It’s well known that South Africa is grappling with universal health coverage, specifically defining which health services should be covered to ensure affordability and equal access to care. As part of the gradual implementation process of what will become National Health Insurance (NHI), the Department of Health (DoH) has looked to healthcare systems in the west for comparisons and cautions, from the management of UK’s National Health Service (NHS) – the largest single-payer healthcare system in the world – to the US GDP spend on healthcare and the country’s ongoing debate about the Patient Protection and Affordable Care Act (i.e. Obamacare). The DoH has also looked at other developing economies, such as Brazil and Thailand, to understand how NHI will serve a growing population and upsurge of communicable and non-communicable diseases (NCDs).
Over the last two decades China has come into focus for its sustained economic growth, which according to the World Bank has averaged nearly 10% a year making it the fastest sustained expansion by a major economy in history. This growth has helped to alleviate the poverty of more than 800 million Chinese citizens, as well as enabling the country to reach all of the Millennium Development Goals (MDGs) by 2015.The Chinese government has also put a lot of effort into ensuring its vast population receives healthcare, which is not an easy feat due to its aging population and growing number of patients living with NCDs.
After recently attending the InterSystems China Summit in Shanghai, Global Product Marketing Director at InterSystems, Lindsay Kiley, explains why we should take note of China’s impressive progress toward healthcare reform, including the introduction of universal healthcare, and their resourceful use of health informatics to improve patient outcomes.
In the space of two generations, life expectancy in China has risen by 30 years. The country recently achieved 95% universal health coverage, the largest expansion of insurance coverage in human history. But today, it is facing a fresh set of health challenges associated with mass urbanisation and rapid industrialisation. Levels of chronic, preventable diseases have increased dramatically. Smoking rates are staggeringly high. There are currently 140 million Chinese citizens aged 65+, and by 2030, this is predicted to rise to 230 million.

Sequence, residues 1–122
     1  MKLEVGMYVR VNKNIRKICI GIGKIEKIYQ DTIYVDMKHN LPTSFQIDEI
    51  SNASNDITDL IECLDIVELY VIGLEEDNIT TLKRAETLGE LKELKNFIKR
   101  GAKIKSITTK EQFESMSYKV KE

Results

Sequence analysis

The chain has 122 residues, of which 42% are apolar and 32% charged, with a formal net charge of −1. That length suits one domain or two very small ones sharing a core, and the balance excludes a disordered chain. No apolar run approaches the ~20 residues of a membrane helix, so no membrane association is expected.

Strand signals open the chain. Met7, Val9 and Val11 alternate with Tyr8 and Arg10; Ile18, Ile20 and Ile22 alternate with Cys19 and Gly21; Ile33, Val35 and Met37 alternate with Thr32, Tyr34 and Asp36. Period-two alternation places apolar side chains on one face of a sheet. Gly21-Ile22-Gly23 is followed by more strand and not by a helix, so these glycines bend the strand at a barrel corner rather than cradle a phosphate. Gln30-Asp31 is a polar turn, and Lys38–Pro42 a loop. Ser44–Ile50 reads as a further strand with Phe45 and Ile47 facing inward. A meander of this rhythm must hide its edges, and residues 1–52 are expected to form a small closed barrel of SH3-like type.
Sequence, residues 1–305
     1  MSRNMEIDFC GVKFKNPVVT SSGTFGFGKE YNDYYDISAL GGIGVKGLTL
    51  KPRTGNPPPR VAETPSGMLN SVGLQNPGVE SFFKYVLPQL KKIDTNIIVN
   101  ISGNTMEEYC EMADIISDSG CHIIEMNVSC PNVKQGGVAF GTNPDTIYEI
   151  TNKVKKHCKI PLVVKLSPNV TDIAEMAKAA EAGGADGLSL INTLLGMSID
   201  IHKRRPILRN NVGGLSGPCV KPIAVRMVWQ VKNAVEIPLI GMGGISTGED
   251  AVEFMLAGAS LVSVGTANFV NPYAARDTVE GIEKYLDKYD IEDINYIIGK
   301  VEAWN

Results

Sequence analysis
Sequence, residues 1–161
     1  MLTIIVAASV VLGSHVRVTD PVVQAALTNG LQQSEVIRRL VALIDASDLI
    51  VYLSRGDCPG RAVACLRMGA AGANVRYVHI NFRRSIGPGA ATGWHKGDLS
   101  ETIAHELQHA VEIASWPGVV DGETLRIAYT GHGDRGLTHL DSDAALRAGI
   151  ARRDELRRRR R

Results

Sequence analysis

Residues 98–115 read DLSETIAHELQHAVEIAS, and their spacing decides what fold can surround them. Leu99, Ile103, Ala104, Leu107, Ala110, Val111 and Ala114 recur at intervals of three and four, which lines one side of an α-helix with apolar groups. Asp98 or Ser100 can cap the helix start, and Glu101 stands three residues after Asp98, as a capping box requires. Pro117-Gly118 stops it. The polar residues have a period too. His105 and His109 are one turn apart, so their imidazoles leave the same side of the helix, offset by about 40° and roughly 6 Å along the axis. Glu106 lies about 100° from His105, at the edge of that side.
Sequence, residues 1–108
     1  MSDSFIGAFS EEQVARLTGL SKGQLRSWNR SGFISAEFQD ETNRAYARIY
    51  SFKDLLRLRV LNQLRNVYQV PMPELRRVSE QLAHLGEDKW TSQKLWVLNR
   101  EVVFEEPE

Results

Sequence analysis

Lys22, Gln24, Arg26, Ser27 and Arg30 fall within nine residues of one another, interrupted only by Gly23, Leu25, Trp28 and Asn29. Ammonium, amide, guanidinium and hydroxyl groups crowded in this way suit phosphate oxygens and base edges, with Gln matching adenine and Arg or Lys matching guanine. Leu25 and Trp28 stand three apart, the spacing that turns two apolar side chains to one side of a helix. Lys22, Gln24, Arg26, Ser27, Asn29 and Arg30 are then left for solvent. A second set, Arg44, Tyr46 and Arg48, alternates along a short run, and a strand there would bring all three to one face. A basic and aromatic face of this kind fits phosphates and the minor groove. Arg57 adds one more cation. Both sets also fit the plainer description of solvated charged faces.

Health Information Systems Director at China’s United Family Healthcare (UFH) — the nation’s first and largest foreign-invested private healthcare provider, Dr Jenny Shao – explains that the genesis of China’s extraordinary gains in population health over the past half century lies in the 1950s with the introduction and cross-nation deployment of ‘barefoot doctors’. The barefoot doctors weren’t registered medical practitioners, and had only basic medical knowledge. The barefoot doctors provided targeted outreach within a stratified approach that focused on the most vulnerable populations, and employed cost-effective preventative care models. They worked in the villages, delivering babies, administering vaccinations and treating infectious diseases. They were instrumental in achieving major gains in maternal and child mortality, for example, and protecting rural populations from infectious diseases via vaccination programmes. By the 1970s, their ranks had swelled to one million.
Nowadays, it is information management that is driving transformation of care delivery and improved patient outcomes, just like the barefoot doctors did in the last century.
Take the case of UFH, which began its investment in a world-class Electronic Medical Record (EMR) system nine years ago. Initially, the EMR enabled workflow and process improvements and helped to standardise care practices. Over time, UFH expanded and optimised their use of the EMR and have now successfully achieved Stage 6 of the HIMSS EMR Adoption Model. They went paperless two years ago, and with this information foundation firmly in place, they are now starting to more fully utilise the data in their EMR to pursue new initiatives to increase the quality of care and improve the cost-effectiveness of that care.
One of these initiatives is population health management. UFH is harnessing the potential of healthcare data to achieve improvements in the health of their patient population. For example, by identifying a cohort of patients at risk of developing Type 2 Diabetes, via an analysis of risk factors such as high blood pressure, obesity and age, UFH can begin to design proactive, preventative strategies customised to this high-risk group.
UFH pioneered “family medicine” in China over 20 years, helping patients better manage their whole family’s health with care tailored to the patient’s needs. They are now harnessing their data to turn the ‘come and get it’ model of healthcare provision on its head with a more targeted, proactive approach to managing the health of the population under their care.
In seeking to surmount contemporary population health challenges, smart strategies like this will win the day. Many are sure to follow in the footsteps of the barefoot doctors—and UFH.
Lindsay Kiley’s original blog post can be found here.